What I would do most of the time, (unless I am in a place where food cost isn't a concern) is pair an expensive item, like filet or rack of lamb with inexpensive sides to offset the cost

There are some that argue you can have high food cost items and the lower food cost items will offset the cost.  For example a rack of lamb may have a 39% food cost and a bowl of gazpacho may have a 8% food cost but I like all my costs to be in line.

I will do more postings of this nature to help you all understand the restaurant and chef world a bit more


Monday, September 12, 2011

The MSG conundrum part 4

Introduction to America

The U.S. Military started adding MSG to its rations after WWII when it realized the Japanese rations tasted better. When food is processed you will lose some flavor; precooking, freezing and canning are not exactly flavor enhancers. That's where MSG comes in; it increases flavor and palatability in foods.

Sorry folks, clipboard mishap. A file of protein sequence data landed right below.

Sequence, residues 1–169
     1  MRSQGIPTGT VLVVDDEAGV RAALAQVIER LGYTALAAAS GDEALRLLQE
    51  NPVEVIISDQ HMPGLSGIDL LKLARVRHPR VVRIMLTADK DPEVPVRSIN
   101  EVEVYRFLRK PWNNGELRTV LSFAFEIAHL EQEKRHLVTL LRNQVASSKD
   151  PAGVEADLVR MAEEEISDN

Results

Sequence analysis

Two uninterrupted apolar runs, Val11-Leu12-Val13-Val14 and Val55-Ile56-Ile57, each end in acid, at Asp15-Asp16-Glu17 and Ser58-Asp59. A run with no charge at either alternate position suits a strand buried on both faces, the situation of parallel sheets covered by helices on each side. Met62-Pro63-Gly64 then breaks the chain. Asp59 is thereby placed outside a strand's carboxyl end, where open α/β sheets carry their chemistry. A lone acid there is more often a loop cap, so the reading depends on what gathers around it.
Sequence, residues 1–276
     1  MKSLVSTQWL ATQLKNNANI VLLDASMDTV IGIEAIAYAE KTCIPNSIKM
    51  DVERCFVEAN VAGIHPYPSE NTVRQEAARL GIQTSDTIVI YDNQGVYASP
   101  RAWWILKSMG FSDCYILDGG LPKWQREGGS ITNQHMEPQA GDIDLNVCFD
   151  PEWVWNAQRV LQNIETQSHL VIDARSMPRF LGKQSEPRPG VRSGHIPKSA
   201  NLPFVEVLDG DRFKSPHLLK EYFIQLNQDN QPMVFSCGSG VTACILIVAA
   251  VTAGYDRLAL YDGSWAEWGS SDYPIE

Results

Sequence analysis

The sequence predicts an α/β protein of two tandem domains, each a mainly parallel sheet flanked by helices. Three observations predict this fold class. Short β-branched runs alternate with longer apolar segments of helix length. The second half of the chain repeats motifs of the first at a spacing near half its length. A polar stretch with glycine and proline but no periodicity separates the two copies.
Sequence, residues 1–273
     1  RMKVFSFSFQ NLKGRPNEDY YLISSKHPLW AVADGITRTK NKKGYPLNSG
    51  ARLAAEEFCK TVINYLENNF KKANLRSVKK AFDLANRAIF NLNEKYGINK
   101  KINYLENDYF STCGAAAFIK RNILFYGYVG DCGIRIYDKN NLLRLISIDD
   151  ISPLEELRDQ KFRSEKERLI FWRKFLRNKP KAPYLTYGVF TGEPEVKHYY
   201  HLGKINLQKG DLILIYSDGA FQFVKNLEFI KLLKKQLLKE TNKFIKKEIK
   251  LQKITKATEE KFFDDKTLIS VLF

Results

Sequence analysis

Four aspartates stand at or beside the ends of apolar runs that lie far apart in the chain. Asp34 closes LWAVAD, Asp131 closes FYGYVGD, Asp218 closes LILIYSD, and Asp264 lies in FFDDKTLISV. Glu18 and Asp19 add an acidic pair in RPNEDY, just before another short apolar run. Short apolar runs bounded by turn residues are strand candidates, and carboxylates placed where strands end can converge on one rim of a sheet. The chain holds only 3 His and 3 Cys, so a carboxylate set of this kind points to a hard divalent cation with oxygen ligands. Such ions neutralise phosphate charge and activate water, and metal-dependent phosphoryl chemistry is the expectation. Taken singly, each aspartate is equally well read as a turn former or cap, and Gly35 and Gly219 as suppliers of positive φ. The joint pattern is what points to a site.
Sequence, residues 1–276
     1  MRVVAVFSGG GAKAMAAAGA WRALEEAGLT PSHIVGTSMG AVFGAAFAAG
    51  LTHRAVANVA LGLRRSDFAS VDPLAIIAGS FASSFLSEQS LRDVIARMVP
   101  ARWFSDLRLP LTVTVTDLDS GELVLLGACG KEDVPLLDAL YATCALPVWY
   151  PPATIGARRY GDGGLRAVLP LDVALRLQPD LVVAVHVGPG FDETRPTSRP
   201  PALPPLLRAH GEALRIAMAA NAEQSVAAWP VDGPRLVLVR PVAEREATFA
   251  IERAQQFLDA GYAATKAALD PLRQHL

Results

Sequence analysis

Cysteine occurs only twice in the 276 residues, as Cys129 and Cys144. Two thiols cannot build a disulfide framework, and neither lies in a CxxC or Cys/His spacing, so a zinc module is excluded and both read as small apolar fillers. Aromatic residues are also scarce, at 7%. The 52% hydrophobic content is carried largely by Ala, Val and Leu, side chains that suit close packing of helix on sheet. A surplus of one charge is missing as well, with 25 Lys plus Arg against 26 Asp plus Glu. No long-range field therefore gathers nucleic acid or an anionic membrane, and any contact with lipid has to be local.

From there, MSG made its way into American homes in 1947 in the form of an all purpose seasoning called Accent. From that point on, America saw the processed food industry boom and MSG was put into everything from baby food to many of the processed foods.

Once this MSG scare took hold of the American public, it created enough of a fear to prompt food companies to remove MSG from many of their processed food items and even advertise "No MSG" on the packaging. What many unsuspecting consumers don't know is that companies are still putting MSG in their processed foods but under different names. Names such as: hydrolyzed protein, malted barley, autolyzed yeast, glutacyl, glutamic acid, sodium caseinate, natural smoke flavor, natural flavors-and there are many more. Those items are not MSG specifically, but they are still synthetically produced glutamates so it is basically the same thing.